Indonesian cuisine is very popular in the Netherlands, which is not surprising due to its deliciousness and our shared history. One of the best known side dishes is stewed spicy green beans (or long beans), often referred to as sambalboontjes. Indonesian cuisine has been influenced by the Dutch. The Indonesian word “buncis” has actually been borrowed from the Dutch “boontjes”. I thought it would be more authentic using long beans so I used those for this post, but I actually like this better with regular green beans (aka French beans). There are many variations of this dish. The main ingredients are green beans, sambal oelek (where the sambal oelek can be replaced with fresh red chili pepper and salt, which is what it is made of), and coconut milk. I really liked this version, which was inspired by many different recipes I found online. Other recipes also include tomatoes, lime leaf, turmeric, nutmeg, ginger, kecap, and even bell pepper. I served it as a side dish to rendang and it was delicious. I will make this again for sure, but using regular green beans. Here’s what I did…
600 grams (1.3 lbs) green beans
4 cloves garlic (or 1 big one), sliced
1/2 tsp trassi (Indonesian fermented shrimp powder)
2 shallots, sliced
1 Tbsp sliced galangal
1 tsp tamarind paste
1 lemon grass, sliced (only the part with a purple ring)
1 tsp palm sugar
1/4 tsp salt
1 tsp ground coriander
1-4 fresh red chili peppers (1 for mild, 2 for medium, 3 for hot, 4 for extra hot), sliced
2 Tbsp vegetable oil
200 ml (5/6 cup) coconut milk
2 salam leaves (Indonesian bay leaf, substitute with regular bay leaf)
Combine the garlic, trassi, shallots, galangal, tamarind, lemon grass, palm sugar, salt, coriander, and chili peppers in the blender.
Process to obtain a fine paste. Add some vegetable oil if needed to get things going.
Cut the beans into pieces of about 5 cm (2″).
Heat the oil in frying pan and add the spice paste.
Cook, stirring, over medium heat until the spice paste is starting to get dry, 2-3 minutes.
Stir-fry the beans until covered with the spice paste.
Bring to a boil. Add the salam leaves.
Cover and cook over medium-low heat, stirring now and then.
Cook until the beans are tender but still have some bite to them. The cooking time depends on the type and thickness of the beans, usually between 10 and 20 minutes. Remove the salam leaves. Taste and adjust the seasoning with salt.
Serve as a side dish or as part of a rijsttafel (and Indonesian tasting menu that is served all at once and actually is a Dutch invention).
Pasta with peas and tomato is a quick and tasty vegetarian pasta dish that you can make from simple ingredients that you can always have on hand (dried pasta, frozen peas, canned tomatoes, parmigiano cheese).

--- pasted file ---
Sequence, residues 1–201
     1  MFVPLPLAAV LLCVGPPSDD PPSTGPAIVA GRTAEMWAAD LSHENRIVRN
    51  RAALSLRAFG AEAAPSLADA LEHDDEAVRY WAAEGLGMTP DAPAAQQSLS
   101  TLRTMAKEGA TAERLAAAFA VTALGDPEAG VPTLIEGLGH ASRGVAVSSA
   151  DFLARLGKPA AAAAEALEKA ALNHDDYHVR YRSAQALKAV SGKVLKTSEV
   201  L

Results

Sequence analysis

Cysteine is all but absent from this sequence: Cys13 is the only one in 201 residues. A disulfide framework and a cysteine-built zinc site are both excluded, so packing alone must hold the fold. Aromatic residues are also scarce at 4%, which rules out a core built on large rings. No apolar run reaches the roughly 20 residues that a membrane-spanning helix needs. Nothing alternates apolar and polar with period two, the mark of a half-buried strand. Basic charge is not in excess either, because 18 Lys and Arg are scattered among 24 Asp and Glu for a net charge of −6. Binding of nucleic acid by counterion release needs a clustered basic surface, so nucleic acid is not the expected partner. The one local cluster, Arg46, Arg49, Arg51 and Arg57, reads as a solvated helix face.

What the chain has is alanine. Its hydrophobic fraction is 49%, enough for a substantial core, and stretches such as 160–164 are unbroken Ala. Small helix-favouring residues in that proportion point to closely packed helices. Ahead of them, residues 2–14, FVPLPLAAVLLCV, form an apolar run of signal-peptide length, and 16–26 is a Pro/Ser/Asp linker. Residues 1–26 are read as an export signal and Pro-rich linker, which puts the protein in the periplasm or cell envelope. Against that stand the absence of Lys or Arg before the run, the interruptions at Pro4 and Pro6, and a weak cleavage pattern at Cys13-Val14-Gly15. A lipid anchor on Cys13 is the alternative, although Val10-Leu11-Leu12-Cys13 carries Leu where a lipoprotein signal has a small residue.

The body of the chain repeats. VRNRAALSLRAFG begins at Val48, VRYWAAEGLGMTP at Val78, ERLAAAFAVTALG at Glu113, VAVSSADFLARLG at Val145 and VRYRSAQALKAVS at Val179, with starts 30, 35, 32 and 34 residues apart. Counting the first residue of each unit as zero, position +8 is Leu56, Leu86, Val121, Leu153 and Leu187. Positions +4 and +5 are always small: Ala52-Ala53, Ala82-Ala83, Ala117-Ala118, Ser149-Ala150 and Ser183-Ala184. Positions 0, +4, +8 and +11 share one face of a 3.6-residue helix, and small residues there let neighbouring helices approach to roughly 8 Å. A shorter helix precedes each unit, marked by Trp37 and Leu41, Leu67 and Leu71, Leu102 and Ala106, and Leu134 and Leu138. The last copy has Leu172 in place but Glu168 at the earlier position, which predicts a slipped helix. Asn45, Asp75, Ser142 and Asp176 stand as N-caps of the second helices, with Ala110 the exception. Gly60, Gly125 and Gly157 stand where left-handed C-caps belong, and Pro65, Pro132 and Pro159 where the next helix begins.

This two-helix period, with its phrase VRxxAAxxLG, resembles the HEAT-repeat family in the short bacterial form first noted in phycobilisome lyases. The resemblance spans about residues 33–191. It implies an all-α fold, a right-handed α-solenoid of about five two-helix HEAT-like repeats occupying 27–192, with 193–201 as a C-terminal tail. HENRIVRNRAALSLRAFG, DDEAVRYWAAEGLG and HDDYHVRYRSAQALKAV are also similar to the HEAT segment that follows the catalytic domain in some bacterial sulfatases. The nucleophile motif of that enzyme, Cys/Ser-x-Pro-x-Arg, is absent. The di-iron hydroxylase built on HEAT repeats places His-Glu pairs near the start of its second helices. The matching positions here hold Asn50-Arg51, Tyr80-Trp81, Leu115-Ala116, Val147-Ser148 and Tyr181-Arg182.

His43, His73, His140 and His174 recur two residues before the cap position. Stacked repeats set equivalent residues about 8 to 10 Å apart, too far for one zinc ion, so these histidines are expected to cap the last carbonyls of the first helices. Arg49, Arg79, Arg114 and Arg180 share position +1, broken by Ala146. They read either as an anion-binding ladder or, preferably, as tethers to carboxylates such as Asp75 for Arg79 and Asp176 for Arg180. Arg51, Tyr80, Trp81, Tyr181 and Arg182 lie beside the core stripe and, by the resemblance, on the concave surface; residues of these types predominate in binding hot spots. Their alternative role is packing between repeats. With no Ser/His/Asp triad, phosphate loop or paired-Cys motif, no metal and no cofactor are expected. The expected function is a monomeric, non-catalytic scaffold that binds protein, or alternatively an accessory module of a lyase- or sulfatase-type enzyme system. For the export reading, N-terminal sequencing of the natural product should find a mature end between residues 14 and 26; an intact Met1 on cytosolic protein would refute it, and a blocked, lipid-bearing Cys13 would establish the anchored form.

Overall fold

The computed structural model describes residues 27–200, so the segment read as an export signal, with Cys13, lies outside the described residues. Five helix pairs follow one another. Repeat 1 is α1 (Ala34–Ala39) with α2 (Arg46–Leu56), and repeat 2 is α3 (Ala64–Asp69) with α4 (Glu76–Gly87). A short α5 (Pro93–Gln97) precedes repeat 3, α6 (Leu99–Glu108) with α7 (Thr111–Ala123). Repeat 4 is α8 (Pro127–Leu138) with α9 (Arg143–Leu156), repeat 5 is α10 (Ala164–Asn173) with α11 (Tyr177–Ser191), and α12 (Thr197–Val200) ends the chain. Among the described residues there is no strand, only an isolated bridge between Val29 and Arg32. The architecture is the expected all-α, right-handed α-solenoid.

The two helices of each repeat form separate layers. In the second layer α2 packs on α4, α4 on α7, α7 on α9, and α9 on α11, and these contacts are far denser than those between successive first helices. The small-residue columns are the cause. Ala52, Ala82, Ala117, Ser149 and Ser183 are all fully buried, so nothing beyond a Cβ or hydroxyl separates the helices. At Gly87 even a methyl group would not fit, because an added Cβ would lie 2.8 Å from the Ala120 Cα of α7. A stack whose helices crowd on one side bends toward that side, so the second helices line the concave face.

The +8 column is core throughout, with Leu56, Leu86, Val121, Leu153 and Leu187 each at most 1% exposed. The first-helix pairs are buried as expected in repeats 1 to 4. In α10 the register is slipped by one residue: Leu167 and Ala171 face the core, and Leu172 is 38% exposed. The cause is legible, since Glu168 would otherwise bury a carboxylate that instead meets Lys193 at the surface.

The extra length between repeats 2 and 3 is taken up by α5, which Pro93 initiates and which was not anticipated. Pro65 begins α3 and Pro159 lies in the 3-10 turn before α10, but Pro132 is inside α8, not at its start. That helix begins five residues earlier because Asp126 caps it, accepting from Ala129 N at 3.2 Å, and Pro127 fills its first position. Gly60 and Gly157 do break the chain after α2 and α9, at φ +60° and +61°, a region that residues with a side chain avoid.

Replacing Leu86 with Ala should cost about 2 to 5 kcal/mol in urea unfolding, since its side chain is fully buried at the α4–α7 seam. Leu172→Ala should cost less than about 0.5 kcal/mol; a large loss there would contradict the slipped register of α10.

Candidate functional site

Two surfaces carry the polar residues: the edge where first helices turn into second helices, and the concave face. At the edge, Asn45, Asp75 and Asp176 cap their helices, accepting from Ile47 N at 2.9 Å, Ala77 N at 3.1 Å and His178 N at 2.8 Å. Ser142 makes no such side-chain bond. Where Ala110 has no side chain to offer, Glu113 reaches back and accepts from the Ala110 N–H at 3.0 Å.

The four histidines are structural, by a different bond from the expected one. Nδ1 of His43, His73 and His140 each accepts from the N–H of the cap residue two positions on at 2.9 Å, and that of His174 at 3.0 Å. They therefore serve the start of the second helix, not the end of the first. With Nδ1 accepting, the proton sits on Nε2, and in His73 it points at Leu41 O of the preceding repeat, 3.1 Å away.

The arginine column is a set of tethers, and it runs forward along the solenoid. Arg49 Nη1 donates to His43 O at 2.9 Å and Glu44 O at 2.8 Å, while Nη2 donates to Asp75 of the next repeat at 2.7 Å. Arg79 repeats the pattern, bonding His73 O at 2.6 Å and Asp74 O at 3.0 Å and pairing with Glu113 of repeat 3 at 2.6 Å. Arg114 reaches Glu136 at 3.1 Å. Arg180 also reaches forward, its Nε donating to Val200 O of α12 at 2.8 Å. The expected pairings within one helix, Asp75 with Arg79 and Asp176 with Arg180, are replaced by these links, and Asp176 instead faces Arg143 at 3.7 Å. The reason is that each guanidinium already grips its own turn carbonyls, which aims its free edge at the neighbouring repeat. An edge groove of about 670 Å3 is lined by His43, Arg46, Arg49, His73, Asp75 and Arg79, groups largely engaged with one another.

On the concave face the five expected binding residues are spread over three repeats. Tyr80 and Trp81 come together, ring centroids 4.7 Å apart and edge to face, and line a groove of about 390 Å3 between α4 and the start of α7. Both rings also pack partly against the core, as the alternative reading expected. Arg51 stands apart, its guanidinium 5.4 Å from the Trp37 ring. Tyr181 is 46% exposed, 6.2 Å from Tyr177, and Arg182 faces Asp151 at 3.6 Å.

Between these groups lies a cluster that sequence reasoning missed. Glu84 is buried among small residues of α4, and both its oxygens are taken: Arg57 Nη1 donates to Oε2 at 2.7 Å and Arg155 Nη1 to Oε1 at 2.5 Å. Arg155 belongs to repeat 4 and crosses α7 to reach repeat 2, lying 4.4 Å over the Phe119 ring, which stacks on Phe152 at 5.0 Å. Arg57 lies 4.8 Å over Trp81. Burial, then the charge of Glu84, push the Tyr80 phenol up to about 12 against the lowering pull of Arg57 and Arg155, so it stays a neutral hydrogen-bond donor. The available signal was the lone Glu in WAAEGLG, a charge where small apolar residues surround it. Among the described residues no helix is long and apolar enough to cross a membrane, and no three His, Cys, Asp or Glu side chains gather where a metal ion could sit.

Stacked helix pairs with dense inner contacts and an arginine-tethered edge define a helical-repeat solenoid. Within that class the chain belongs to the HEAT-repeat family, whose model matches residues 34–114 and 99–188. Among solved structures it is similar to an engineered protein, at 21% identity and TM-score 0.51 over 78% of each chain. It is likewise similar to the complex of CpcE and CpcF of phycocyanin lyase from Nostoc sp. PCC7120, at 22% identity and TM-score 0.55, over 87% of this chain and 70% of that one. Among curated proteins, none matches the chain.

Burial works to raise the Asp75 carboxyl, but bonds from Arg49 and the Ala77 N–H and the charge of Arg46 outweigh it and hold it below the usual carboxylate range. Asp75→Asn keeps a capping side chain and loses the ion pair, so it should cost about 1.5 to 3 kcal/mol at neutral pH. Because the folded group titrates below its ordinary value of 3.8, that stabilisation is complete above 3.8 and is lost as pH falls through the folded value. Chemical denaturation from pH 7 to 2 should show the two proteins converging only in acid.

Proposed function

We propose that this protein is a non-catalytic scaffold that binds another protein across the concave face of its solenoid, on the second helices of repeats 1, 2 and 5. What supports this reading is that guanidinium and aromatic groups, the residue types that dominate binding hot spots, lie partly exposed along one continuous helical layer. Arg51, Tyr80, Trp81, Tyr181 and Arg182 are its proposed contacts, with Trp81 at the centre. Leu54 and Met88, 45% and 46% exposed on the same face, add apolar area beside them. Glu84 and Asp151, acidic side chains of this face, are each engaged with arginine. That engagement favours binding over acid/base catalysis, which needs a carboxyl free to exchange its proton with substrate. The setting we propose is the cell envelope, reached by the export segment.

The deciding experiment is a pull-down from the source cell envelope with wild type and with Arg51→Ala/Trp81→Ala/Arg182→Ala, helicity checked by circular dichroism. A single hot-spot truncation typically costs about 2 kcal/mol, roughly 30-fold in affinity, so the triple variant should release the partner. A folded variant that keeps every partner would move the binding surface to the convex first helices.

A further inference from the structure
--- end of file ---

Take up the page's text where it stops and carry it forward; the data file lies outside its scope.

17 thoughts on “Indonesian Spicy Green Beans (Sambal Goreng Buncis/Sambalboontjes)”
I’ve spent a lot of time in Netherlands and always like to eat Indonesian food when I’m there. Lovely recipe.
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Stefan, this sounds killer! This seems similar to Thai but don’t tell Miranti as she will have my head. 😉
Richard, you will both love love love this, I assure you. Indonesia and Thailand are close so there certainly are similarities. In fact my version may be more Thai than many other versions as I’ve been influenced by Miranti. For instance, an Indonesian version may be more likely to include ginger rather than galangal, and onion rather than shallot (although all of these are used in Indonesian recipes). But I haven’t been to either country so this is just a guess.
Thanks Stefan! Am about to make lunch and this will act as a side dish very well indeed. Has a few ‘extras’ my usual recipe does not. Have not seen trassi in a powder form here: use a paste which is available at all supermarkets: well, we are close to Indonesia 🙂 !
It is of course also similar to Thai shrimp paste. Here it is best known in powder form, and I am not sure how to ‘convert’ the amount. Just don’t use too much, as it is quite potent…
mi piacerebbe provare il tuo piatto ma da noi è difficile trovare gli ingredienti che hai indicato nella ricetta
Potresti ordinarli su internet, per esempio da asia-market.it.
ma sai che io non amo acquistare da internet, preferisco i negozi. Comunque verdrò. Grazie
Funny how we both got inspired by the Indonesian/Dutch food culture this week. Lovely recipe you created! I have never tried long beans, what are they like? More tender? more firm? sweeter?
You know what they say about great minds 😉 The difference with regular haricots verts depends on the thickness and freshness of the haricots verts. The long beans are imported from far away and less fresh, and usually less tender and less ‘snappy’.
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Great side dish. The last time I had rijsttafel was on our first trip to Amsterdam. That was over 25 years ago, It was pretty ordinary, from memory.
Unfortunately there are quite a number of tourist traps in Amsterdam. A good rijsttafel can be amazing, but is hard to find.
We were trapped, for sure.
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I have never seen such long green beans. Why would Dutch green beans be so long compared to the British kind. I think its because we Brits like our veg all regular and the same looking. You’ll never find a misshapen red pepper in a UK supermarket.
Those long beans are not Dutch but in fact Asian (Thai/Indonesian) and actually more popular here in Surinam cuisine (which is a weird fusion with Indonesian).